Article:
When you receive your next paycheck, the first 10% goes back to God and the second 10% goes to an investment account.  Here are two questions:

  • Where did your ability to make wealth come from?  It came from God.  He gave you a mind, abilities, health, and a job.  
  • Who actually did all of the hard work to earn the money?  You did.  

Yet the last two people we pay are God and ourselves! If you want to get out of debt, pay God and yourself first.

You may say, “I can’t afford to tithe and I can’t afford to save. But you can’t afford not to.  If you want God’s blessing on your finances, you have to do it God’s way.   God’s purpose in tithing is to teach you always to put God first in your lives (Deuteronomy 14:23). Start putting God first in your finances. If you are not now giving God 10%, resolve to do the following:

  • Commit to giving God the first 10% of your income for the next 90 days beginning today.
  • When you receive your paycheck, set aside the first 10% for the Lord and your church.
  • Schedule an automatic draft, 

God will bless your obedience to him in the area of finances. Your decision will not be a mistake that creates a financial crisis. Instead I guarantee you will receive a blessing. Proverbs 21:20 says, “The wise man saves for the future, but the foolish man spends whatever he gets.”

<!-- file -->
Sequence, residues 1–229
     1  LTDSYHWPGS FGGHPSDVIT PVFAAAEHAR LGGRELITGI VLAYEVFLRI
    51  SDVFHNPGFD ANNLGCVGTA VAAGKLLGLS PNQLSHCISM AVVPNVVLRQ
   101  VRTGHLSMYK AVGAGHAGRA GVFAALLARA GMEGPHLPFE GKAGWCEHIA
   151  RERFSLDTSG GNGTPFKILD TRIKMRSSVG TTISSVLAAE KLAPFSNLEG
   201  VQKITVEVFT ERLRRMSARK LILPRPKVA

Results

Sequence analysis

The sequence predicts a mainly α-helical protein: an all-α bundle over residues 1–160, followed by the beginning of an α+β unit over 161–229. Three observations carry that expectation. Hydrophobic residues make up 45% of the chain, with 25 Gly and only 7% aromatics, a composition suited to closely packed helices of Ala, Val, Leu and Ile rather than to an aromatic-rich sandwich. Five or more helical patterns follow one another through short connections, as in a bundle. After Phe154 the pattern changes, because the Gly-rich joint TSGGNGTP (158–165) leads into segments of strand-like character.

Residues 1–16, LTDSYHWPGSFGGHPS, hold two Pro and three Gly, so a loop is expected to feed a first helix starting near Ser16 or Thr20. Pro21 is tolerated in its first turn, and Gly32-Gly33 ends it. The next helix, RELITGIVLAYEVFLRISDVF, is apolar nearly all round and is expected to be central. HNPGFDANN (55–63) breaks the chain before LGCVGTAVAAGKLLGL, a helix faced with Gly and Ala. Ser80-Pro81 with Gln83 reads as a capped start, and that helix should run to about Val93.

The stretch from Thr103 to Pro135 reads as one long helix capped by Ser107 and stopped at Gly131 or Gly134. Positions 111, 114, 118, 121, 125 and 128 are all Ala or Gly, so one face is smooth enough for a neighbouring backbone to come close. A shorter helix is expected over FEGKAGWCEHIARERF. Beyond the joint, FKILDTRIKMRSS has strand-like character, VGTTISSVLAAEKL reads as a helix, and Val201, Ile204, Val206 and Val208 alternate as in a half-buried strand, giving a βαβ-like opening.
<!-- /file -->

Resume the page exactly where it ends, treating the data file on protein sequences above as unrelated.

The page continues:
To achieve long-term financial independence, start by paying yourself first. You must put yourself at the beginning of the line—not the end. So when you get that check, before anyone else gets paid, the first 10% goes back to God and the second 10% goes into your savings.  

The Bill Gates of the previous generation was a man named John D. Rockefeller. Someone once asked him now he amassed such wealth.  He said, “It was really very simple.  Save ten percent.  Give ten percent.  Live on the rest.”  

This is called the 10-10-80 principle.  Tithe 10%, save 10%, and live on 80%.  Everyone needs a minimum of three months of living expenses in the bank in case of a layoff, illness, or other unexpected emergency.  The 10-10-80 principle is tough in the short run but works in the long run.

Let me give you an example of the 10-10-80 principle.  Let’s say you’re 25 years old and you make $30,000 a year.  Let’s further say that for the next 20 years all you made was $30,000 a year.  If you stick to the 10-10-80 plan, by age 45 you will have given $60,000 to the Lord’s work (10% of $30,000 is $3,000 given to God each year multiplied by 20 years).